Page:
For a while, it looked as if quercetin might be the next super-supplement, one of the few legal substances able to improve athletic performance. Quercetin is a flavonoid found naturally in apple skins, berries, red wine, black tea and some leafy vegetables. Like other flavonoids, it is believed to be an antioxidant, a substance that can lessen or prevent certain kinds of cell damage, and an anti-inflammatory. But of even more importance to athletes, it has shown evidence of being a potent performance enhancer in mice.A number of studies were done on humans. None of them showed similar results. The largest was done by the University of Georgia, financed by Coca-Cola, which was testing a new sports drink with quercetin.
In a representative animal study, published earlier this year, lab mice ran on a wheel or treadmill to gauge their fitness. Then some mice received large doses of quercetin for a week; others received a placebo. None of the rodents exercised. At the end of the week, the mice ran again. The quercetin mice were able to run as much as 37 percent longer than they had the week before. The placebo group showed no improvement. Meanwhile, analysis of the muscles and brains of some of the quercetin group showed new mitochondria — which help to produce energy — packing the cells. The placebo group had no new mitochondria. All indications, then, were that quercetin was energizing the mice at a fundamental, cellular level. …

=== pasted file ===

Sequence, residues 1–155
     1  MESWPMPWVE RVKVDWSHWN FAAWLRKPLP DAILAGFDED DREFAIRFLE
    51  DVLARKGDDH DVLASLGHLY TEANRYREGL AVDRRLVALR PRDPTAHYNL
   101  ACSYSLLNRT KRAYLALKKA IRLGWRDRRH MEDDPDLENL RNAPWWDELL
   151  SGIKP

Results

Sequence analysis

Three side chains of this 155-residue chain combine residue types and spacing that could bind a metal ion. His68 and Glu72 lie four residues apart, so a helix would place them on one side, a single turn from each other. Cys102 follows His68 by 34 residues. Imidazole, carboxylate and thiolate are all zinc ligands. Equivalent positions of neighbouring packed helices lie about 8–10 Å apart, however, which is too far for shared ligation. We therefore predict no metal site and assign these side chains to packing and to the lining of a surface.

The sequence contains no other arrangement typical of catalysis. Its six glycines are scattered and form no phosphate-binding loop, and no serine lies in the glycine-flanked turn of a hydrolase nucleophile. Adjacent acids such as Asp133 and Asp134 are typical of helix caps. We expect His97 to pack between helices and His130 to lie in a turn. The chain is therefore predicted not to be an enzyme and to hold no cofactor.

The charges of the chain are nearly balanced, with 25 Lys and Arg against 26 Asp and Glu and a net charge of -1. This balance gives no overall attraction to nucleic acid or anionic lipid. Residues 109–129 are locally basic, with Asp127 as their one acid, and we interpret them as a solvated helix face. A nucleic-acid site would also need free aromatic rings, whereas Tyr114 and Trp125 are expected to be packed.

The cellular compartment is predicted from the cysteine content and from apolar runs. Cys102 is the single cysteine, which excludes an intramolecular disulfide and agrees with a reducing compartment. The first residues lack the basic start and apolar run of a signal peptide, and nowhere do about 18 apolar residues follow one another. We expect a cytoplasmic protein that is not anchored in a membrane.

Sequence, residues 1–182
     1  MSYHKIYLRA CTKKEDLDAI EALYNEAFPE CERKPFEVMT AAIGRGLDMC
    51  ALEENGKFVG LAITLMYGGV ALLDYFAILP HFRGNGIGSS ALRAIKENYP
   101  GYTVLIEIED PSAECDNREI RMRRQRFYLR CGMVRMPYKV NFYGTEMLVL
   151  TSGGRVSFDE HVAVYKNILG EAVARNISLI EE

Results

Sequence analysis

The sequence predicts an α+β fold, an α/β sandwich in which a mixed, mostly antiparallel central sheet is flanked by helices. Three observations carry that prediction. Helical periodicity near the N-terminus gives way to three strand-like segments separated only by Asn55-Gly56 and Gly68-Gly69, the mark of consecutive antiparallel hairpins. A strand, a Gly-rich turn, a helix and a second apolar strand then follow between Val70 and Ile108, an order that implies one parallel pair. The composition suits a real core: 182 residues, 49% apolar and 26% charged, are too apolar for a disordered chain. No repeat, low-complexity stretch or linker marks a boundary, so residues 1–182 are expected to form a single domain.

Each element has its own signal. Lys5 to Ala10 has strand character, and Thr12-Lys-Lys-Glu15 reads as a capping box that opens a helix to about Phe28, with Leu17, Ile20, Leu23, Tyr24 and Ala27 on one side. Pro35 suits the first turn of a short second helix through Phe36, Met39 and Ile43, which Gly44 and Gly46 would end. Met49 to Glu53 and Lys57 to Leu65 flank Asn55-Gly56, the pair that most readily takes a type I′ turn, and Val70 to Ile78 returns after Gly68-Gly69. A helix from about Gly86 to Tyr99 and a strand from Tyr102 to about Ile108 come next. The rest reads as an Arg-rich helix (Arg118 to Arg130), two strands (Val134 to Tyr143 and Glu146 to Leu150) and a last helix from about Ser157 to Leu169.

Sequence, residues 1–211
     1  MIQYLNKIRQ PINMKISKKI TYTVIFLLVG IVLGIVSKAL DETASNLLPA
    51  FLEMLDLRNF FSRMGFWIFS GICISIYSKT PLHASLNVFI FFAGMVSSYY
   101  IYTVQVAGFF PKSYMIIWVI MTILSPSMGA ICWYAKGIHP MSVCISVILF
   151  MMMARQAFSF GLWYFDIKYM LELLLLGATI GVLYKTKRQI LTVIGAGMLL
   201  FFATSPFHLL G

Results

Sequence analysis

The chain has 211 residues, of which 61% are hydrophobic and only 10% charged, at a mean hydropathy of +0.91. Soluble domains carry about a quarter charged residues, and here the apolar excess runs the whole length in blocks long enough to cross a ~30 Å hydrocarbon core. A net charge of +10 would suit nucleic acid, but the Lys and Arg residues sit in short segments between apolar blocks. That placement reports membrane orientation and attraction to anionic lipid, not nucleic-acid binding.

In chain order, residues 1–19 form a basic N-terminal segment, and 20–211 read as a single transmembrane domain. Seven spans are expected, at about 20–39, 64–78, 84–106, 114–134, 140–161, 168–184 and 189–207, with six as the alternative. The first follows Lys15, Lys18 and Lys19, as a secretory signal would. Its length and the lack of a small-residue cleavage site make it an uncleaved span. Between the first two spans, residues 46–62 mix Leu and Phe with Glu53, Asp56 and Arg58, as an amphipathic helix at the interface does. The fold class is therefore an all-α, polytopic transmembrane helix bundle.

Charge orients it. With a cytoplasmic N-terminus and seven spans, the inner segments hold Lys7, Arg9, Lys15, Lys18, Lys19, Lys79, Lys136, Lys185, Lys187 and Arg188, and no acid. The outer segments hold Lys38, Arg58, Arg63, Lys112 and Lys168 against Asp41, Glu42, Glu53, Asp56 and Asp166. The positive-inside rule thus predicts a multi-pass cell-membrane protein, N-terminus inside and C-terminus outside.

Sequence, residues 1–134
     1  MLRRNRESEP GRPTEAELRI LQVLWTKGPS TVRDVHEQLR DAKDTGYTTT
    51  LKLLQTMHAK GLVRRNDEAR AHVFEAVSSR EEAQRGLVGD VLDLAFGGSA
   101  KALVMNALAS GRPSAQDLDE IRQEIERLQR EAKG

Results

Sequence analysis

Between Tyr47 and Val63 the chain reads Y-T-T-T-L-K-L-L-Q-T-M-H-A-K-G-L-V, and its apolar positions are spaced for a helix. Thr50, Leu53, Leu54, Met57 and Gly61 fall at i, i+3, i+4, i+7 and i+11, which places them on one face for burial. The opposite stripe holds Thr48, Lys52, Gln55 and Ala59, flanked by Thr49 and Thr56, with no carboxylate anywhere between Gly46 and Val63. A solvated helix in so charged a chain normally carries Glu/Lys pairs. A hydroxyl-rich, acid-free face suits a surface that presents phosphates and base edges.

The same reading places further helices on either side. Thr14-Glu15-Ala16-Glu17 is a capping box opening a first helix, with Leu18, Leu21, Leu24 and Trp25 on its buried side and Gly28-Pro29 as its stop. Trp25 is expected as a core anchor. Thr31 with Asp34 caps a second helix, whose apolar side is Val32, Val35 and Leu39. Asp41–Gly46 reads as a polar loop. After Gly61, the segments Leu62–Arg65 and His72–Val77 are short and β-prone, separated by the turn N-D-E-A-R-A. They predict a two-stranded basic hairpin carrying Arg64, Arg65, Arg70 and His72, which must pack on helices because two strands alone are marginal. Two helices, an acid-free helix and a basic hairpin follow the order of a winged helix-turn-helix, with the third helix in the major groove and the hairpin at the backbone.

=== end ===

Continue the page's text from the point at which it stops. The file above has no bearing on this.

The dosage of quercetin mimicked the amount given to mice, adjusted to human size. … At the end of [the study], the subjects were [tested], with provocative results. “There were simply no differences” between the quercetin and the placebo group, says Kirk J. Cureton, a professor of kinesiology at the University of Georgia and lead author of the study. The quercetin group didn’t ride farther before exhaustion. Their bodies showed no evidence of new mitochondrial production.
“We were surprised,” Cureton says. “Based on the mouse studies, we had expected” that the supplement would have a positive impact. Obviously, he continues, one study is not definitive. Different doses of quercetin or use for a longer time might lead to different results. “But my conclusion is that it just is not ergogenic in humans,” Cureton says. It doesn’t improve performance. “The moral is that you can’t generalize from mouse studies to humans.” And you can’t, as anyone who has followed sports nutrition should perhaps have learned by now, expect improved performance to be delivered, without effort, in pill or liquid form.